California Voters Turn Down Measure To Fund Schools

California voters take to the polls
Photo credit Mario Tama/Getty Images

Voters in California were not in a spending mood on Super Tuesday, with many Bay Area and statewide measures apparently headed for defeat.

Proposition 13 — the state’s largest school bond in history at $15 billion — needed a simple majority to pass. But it did not appear to be on a winning track as of Wednesday morning with almost 56% of votes against it.

The same was true of many local parcel tax measures for schools, which required a two-thirds majority to pass.

KCBS Radio political analyst Larry Gerston says it appears the public is taking a pause when it comes to tax measures.  

“Over the past few years, as the economy here has done much, much better, the voters have been very generous passing bonds and parcel taxes,” Gerston told KCBS Radio. “But there gets to a point, I think, where people say ‘Hey, let’s see what you do with what we’ve given you.”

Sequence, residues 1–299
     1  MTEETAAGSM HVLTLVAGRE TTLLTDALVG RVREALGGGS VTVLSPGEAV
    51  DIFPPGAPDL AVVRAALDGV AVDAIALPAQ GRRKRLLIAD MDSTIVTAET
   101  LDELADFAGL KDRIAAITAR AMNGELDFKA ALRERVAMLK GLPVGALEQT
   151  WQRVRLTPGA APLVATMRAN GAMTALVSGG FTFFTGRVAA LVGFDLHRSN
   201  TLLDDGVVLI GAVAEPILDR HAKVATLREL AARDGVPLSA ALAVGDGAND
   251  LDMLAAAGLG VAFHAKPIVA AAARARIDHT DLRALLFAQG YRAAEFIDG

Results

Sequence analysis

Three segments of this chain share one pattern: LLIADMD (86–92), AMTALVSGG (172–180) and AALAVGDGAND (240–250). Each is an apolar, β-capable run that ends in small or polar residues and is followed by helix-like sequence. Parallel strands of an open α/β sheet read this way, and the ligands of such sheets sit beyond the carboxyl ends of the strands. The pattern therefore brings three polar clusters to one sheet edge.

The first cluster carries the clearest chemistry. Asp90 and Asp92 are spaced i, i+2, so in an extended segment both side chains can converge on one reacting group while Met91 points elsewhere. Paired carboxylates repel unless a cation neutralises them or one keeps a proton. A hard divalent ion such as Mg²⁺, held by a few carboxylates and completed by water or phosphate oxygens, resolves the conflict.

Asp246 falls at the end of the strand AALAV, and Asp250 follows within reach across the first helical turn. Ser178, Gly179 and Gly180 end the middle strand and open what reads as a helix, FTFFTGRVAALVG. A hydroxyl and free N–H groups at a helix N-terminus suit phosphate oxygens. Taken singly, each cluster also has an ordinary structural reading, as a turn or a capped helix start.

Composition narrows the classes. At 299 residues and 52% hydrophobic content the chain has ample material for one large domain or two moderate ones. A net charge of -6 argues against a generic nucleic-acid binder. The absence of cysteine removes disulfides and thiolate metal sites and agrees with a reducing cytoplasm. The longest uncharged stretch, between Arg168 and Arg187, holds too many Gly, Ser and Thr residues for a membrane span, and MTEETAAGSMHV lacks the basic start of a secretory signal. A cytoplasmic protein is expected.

The recent skyrocketing property values in the Bay Area could also be to blame, as many new homeowners could have done the math and decided they simply can’t afford big parcel tax increases.

One of the few local tax measures to claim victory is Measure C in Alameda County, with a 61% voter approval to raise the sales tax by a half percent to pay for childcare and early education.

Kristen Spanos, CEO of First 5 Alameda, told KCBS Radio that she’s pleased with the community’s investment in kids as a priority.

“We’re happy to see that the voters of Alameda County are supporting children, supporting the future well-being of our communities and for our kids,” Spanos said.

Gerston notes, it’s possible that many of these bonds and tax measures will be scaled back and repackaged for the November general election, saying, “it takes 2-3 times for a ballot issue to pass.”

Written by Mallory Somera.